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October 20, 2014

The Internet of Things is in chaos and immaturity

Too many players, ecosystems and standards in the market say analysts.

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The Internet of Things (IoT) is in a period of chaos and immaturity as there are too many standards, players and ecosystems to connect the billions of devices and applications together.

That is according to leading analysts, who said the chips, sensors and wireless technologies at the centre of the emerging market are facing "significant challenges".

At a MediaTek panel discussion held in London last week, Ben Wood, head of research at CCS Insight, said: "How do you manage the security to make everything connected? There are competing standards, competing ecosystems right now and lots of point solutions coming out of the crowdfunding space.

"We’re in a period of chaos and immaturity and we going to see how it evolves."

Jim McGregor, founder and principal analyst at Tirias Research, said: "There are significant challenges and one that is rising to the top right now is security of that data at almost every level, which is going to be critical.

"The biggest problem is extending the network as there are so many opportunities for intrusions. We have different standards in the network for security and different standards on the device, so trying to bring standards together and taking it all the way down to micro controller level is really a huge challenge."

Peter Hutton, ARM, Executive VP of ARM’s Product Group, added: "The other problem with security is that there are so many new people coming into this market they don’t know how to implement secure devices.

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"Another challenge we’re trying to address is trying to get some standardisation. I really don’t want to be supporting multiple IoT deployments in the house, it has to be about scale.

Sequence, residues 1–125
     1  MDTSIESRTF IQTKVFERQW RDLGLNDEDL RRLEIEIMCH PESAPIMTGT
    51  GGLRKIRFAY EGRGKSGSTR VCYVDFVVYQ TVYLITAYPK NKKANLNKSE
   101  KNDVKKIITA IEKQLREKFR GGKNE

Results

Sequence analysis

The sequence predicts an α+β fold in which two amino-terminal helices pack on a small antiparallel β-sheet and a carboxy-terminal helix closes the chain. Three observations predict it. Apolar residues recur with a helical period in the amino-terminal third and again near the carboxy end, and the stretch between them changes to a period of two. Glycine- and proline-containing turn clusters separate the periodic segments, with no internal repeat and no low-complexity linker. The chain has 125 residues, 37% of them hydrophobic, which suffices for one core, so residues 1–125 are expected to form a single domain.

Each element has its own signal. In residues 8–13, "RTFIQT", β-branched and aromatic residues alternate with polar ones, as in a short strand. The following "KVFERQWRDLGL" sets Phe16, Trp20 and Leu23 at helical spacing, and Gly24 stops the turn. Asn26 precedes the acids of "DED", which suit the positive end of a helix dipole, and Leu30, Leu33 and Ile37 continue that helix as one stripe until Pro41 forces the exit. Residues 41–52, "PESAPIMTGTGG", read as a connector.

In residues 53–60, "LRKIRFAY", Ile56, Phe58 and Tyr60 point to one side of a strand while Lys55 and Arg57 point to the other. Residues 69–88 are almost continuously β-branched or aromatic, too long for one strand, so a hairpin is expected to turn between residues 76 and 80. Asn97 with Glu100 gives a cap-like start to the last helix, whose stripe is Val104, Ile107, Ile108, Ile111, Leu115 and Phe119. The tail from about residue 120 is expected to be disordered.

It comes not too long after analyst firm Gartner branded the IoT as the most over-hyped technology in development today, while research from Beecham Research said that there are insufficient security capabilities within emerging IoT standards to manage the long life-cycles expected of many IoT devices.

And HP also found that three-quarters of all IoT devices are susceptible to getting hacked or compromised.

The panel also highlighted that IoT applications and appliances in the industrial space would kick off before an uptake in the consumer market.

This is because it usually takes three to five years from when you introduce a new technology or platform in order to reach mass market appeal, according to Tirias’s McGregor.

"Everything has to evolve: the usage models, the technology, the ecosystem," he explained.

"So it’s great to look at all the consumer applications but it’s still going to take time. Over the next 12 months, I think the real exciting stuff is really in the industrial space, in the vertical segments because these guys see the system end-to-end.They see from the sensor trough to the complete network.

"So applications such as automotive, medical, industrial automation and also smart cities," he said.

ARM’s Hutton added: "It does take three to five years to get this stuff out…The next 12 to 24 months is a tough task. I think it might be less chaotic at the lower level"

CCS Insight’s Wood said the wearable tech industry is in the "stone age" and that devices were reminiscent of mobile phones from the 80s, "which were terrible".

"Wearables are at that phase of intense innovation, experimentation and chaos. I’m the jewel in all this terrible technology junk. It’s far from clear to me. The one thing that seems to be a very pervasive piece of this is health and well being.

"But I’m even a little sceptical about whether that’s just for personal rationalisation. I can buy this and it will make me feel better, rather than I’m spending this disposable income on gadget bling."

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